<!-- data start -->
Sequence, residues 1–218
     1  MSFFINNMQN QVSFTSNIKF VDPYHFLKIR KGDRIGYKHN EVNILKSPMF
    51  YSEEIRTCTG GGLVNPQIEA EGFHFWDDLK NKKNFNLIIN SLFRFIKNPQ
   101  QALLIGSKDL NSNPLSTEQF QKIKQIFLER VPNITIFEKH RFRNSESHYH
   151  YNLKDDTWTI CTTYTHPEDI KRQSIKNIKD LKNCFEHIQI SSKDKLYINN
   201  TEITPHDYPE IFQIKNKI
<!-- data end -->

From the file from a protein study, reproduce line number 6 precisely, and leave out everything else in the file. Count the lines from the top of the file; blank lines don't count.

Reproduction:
   201  TEITPHDYPE IFQIKNKI